Do you think that it's essential to read Catcher in the Rye as an adolescent?
I was heavily influenced by Catcher in the Rye. As a sophomore in high school, it was required reading. I'd never done more than skim books that were required reading. In my budding cynicism, it really spoke to me and I even read it twice before we had to be done reading it. As an angst-filled teenager, I had this secret growing dislike for humanity and I remember feeling guilty that I did -- reading Catcher in the Rye I felt strangely exonerated. I identified with Holden and could empathize with his desperation and isolation. I'll never forget being called on when my sophomore lit teacher asked us all in class what impressions we had from reading the first three chapters. I said, "It was really funny," which was true, but I couldn't think of anything more articulate to say at the time. The whole class turned around and looked at me like I was in idiot or that I'd completely missed the point...but they were phony-baloney jackasses. It is funny. Essential? I don't know, maybe. It's hard for me to imagine not having read it, and I'd certainly recommend it highly to any inquiring adolescent.
The Cay focuses on shipwreck survivors finding racial reconciliation in their dependence on each other. When did you read this book, and why did is resonate with you?
I read The Cay in elementary school. Before we started reading it, my fifth-grade teacher, Mrs. Apking, told us that Theodore Taylor wrote the book for the sole purpose of being able to write one this one specific line. In the book, a little white boy is shipwrecked with an older black man, and because of the chaos of the wreck the boy goes blind. He has spent every waking moment with this man whom he remembers as black and inferior. This man who's taken care of him and protected him and fed him and been his constant companion -- and he tries to remember what Timothy (the black man) looked like before he went blind. That's the line: At one point, he asks, "'Timothy, are you still black?'" I hope that Dave Chapelle eventually does a parody of this exact scene.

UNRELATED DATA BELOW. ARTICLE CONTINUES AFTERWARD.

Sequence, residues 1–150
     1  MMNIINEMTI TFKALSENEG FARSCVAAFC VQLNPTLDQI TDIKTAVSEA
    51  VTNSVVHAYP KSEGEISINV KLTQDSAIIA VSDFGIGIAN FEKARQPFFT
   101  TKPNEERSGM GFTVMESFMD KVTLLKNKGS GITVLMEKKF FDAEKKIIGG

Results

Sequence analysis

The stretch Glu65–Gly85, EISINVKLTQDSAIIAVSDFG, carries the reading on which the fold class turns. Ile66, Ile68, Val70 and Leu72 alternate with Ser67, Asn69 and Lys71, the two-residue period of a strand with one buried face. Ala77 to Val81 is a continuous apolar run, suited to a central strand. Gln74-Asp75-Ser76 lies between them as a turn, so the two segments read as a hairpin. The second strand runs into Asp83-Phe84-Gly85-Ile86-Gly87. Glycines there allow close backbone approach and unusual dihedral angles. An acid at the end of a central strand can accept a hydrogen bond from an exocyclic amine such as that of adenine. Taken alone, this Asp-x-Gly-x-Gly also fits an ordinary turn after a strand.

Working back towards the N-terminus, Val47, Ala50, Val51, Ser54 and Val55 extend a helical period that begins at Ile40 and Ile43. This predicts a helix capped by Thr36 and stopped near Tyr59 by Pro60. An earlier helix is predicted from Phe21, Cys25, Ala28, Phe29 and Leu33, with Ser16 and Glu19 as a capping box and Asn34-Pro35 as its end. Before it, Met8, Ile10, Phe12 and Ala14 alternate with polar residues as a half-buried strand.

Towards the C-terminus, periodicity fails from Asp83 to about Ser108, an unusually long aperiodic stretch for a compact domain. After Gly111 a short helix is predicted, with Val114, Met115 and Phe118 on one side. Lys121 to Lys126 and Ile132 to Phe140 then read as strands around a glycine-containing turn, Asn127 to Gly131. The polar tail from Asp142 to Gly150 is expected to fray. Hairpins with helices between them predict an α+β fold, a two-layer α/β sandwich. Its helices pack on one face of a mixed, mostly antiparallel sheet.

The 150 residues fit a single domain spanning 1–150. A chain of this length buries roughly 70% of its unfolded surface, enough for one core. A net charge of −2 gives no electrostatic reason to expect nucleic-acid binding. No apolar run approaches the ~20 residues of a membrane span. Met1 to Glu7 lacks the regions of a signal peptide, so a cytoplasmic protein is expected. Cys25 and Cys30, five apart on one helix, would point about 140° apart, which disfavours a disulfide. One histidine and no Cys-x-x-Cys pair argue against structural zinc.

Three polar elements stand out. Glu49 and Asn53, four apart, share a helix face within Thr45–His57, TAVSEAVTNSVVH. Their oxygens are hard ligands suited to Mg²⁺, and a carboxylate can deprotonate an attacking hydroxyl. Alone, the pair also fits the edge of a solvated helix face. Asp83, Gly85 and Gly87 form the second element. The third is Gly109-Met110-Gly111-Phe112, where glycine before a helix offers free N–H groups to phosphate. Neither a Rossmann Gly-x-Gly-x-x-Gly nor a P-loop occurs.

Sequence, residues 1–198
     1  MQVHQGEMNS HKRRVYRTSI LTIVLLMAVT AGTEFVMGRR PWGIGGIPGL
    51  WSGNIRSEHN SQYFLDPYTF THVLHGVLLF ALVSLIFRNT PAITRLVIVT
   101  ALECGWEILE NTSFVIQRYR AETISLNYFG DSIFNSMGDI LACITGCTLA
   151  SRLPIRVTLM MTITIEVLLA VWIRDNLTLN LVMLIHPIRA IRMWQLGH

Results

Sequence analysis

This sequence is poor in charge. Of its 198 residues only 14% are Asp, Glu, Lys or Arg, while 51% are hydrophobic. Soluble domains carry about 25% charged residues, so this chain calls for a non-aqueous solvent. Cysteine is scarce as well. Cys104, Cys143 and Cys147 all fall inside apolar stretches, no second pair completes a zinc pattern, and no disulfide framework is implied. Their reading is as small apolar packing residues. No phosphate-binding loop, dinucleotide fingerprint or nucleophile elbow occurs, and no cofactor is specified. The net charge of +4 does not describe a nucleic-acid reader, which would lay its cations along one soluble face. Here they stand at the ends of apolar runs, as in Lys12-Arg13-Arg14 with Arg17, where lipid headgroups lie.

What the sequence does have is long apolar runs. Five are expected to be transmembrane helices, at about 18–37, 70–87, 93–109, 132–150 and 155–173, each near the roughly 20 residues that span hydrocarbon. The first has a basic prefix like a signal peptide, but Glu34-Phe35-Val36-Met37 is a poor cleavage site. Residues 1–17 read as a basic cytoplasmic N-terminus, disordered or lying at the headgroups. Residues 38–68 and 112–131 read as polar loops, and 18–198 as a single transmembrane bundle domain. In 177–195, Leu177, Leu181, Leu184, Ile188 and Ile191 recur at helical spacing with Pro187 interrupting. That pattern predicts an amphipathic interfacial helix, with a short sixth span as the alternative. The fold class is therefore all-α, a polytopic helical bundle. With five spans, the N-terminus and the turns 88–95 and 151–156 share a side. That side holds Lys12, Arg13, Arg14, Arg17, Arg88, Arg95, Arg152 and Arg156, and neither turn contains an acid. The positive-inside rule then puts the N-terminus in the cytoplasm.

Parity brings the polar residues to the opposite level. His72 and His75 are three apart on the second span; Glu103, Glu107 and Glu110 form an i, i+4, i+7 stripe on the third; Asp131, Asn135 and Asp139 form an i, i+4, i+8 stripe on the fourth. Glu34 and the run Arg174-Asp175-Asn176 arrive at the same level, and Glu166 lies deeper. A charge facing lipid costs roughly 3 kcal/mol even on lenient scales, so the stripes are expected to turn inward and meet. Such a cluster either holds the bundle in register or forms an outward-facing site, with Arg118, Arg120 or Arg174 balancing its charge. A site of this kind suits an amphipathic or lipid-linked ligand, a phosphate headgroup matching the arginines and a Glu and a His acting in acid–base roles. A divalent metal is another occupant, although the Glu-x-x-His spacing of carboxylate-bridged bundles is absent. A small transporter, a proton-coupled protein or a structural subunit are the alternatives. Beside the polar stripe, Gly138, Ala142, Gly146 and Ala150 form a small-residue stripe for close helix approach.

Why do you think children are so drawn to tales of survival, like The Cay, or
That's a good question. I have no idea. Probably just the appeal of adventure? I still am holding out hope that one day I'll be a cowboy astronaut who trains sharks, rides unicorn Clydesdales through hell and back, but lives to tell the tale.
What are some good comedy books you'd recommend?
Comic Insights: The Art of Stand-Up Comedy, by Franklyn Ajaye, has a lot of good advice for new comics. Bill Hicks: Love All the People is a great book by a sorely missed comic genius; America, by Jon Stewart, has more of the satire I was talking about.
Mother's Day is coming up. What's your favorite book to read aloud to your son?
Instructions, by Neil Gaiman. Such a beautiful book. My aunt introduced it to me just a year ago -- she bought it for me and shipped it out because I loved it so much. I get choked up every time I read it. Been a huge fan of Neil Gaiman ever since.
What books from your childhood have you passed along to your son?
Definitely Oh, the Places You'll Go. Dr. Suess was such an amazing human being. I could write sonnets about people like him or Jim Henson. This book particularly is so amazingly metaphysical and universal. Jodee Champion will be performing at Pump and Dump at 7 p.m. Saturday, May 11, at Local 46, as well as at Urban Citizen's Garden Project -- a night of comedy for the kids, which is at 7:30 p.m. Sunday, May 12, at Voodoo Comedy Playhouse. You can also see her at Narrators on May 16 at Deer Pile, as well as featuring for Mitch Fatel at the Denver Improv May 30-June 2.